David: On days when I’m off work, and I’m going to do comics all day, I get online around 9.00am, answering e-mails, doing website and social media business. By ten I want to be at the drawing board working on whatever page I’m doing. I’ll work through to around 3.00pm.
Other times, when I’ve been at work all day, I’ll get to the drawing board around 10.00pm and work until I’ve finished what I’m doing. On those occasions, my reward is getting to go to bed. These are really my aims, what I’d like to do. I have a family, so other things come up all the time.
downthetubes: What’s the best thing about being a comics creator?
David: It’s a great feeling to have a completed page, and be aware that you did everything on the page. Came up with the idea, researched it, wrote it, laid it out, pencilled it, inked it, coloured it. It’s also great to do production on your comics and work them up into books or publish online. It’s also very interesting to work with other artists on your stories, or have other publishers use them in their publications.
downthetubes: And the worst?
David: It’s very work intensive, for a limited effect. In our society, worth is given to hard work if it means you earn money from it. Doing comics and art generally is not necessarily about that. That’s not a negative about doing comics though, more how art is perceived in society. (Smiles)
downthetubes: What most distracts you from getting your work done?
David: Everything is a distraction. I always say there are a million reasons to not do comics, and only one reason to do them.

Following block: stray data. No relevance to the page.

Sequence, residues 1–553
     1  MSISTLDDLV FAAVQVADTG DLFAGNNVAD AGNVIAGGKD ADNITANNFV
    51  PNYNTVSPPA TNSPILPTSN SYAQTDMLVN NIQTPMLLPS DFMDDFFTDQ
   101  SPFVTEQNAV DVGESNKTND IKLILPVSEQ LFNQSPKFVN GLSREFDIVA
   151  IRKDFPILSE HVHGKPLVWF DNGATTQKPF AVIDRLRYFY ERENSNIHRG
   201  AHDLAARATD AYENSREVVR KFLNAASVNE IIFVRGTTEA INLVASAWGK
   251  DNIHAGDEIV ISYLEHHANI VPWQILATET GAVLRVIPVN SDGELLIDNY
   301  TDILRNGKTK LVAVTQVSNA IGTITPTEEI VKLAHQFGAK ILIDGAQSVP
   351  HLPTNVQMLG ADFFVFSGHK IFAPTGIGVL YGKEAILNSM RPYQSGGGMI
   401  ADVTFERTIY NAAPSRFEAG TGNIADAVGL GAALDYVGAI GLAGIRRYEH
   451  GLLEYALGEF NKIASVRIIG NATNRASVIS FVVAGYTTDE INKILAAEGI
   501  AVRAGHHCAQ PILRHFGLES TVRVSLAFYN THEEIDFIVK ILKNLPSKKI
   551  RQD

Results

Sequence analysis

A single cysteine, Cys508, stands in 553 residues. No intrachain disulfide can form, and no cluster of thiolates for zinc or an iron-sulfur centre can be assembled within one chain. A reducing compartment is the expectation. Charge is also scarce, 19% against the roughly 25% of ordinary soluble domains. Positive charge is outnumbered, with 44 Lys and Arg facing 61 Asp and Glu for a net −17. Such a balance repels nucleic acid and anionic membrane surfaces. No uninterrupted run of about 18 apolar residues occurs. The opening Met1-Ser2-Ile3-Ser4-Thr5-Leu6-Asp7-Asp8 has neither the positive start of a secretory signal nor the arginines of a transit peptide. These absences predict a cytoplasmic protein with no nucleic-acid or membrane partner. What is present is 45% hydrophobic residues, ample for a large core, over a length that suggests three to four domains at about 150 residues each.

downthetubes: Do you think it’s easier or harder for young comic creators to get published today?
David: Online distribution can get you an audience and feedback, and could lead to being published. There are also always people putting out calls online looking for comics to publish, so you can keep an eye out for them. However the comics print market has shrunk drastically. There are pros and cons.
downthetubes: Do you attend many comics events to promote your work? How think they help creators most?
David: I do attend events and table at them, and they are useful. You meet other creators and readers. They are a good chance to meet people in person. They help foster the idea of a comics scene.
downthetubes: Which one comic creator would you most like to meet, and why?
David: The first one that comes to mind is Peter Bagge. I love his comics. I’ve interviewed him via e-mail and been in touch sporadically over the years. It would good to meet him in person.
downthetubes: What one piece of advice do you offer people looking to work in the comics industry?
David: It depends on what people want to do. If you want to draw Marvel, DC, or 2000AD, the advice would be keep sending them your work, follow any advice they give you. They are also at cons doing portfolio reviews in person sometimes.
If you want to do more personal work, there are other publishers like Avery Hill, BHP, Good Comics, etc. that you can send stuff to. In fact, you should check all of this, as I don’t know if they accept unsolicited submissions. Look online to check their submission guidelines!
downthetubes: What’s your favourite comic right now and where can people get it?
David: My favourite comic right now is Soldier’s Heart by Carol Tyler. You can get it from the Fantagraphics website.
downthetubes: What are you working on, comics-wise, right now, and when will it be published?
David: I am working on a comic for D.Blake Werts’ Copy That! His turnaround is usually really fast, so if he accepts my work, it should appear before January is over!
downthetubes: David, thank you very much for your time and the very best of luck for all your projects in 2019!
• There are reviews of Copy That! on the Poopsheet Foundation web site. To get your hands on Copy That! and for more info contact: D. Blake Werts, 12339 Chesley Drive, Charlotte, NC 28277 USA – or email Blake at: bwerts (at) vnet (dot) net
Interview questions by John Freeman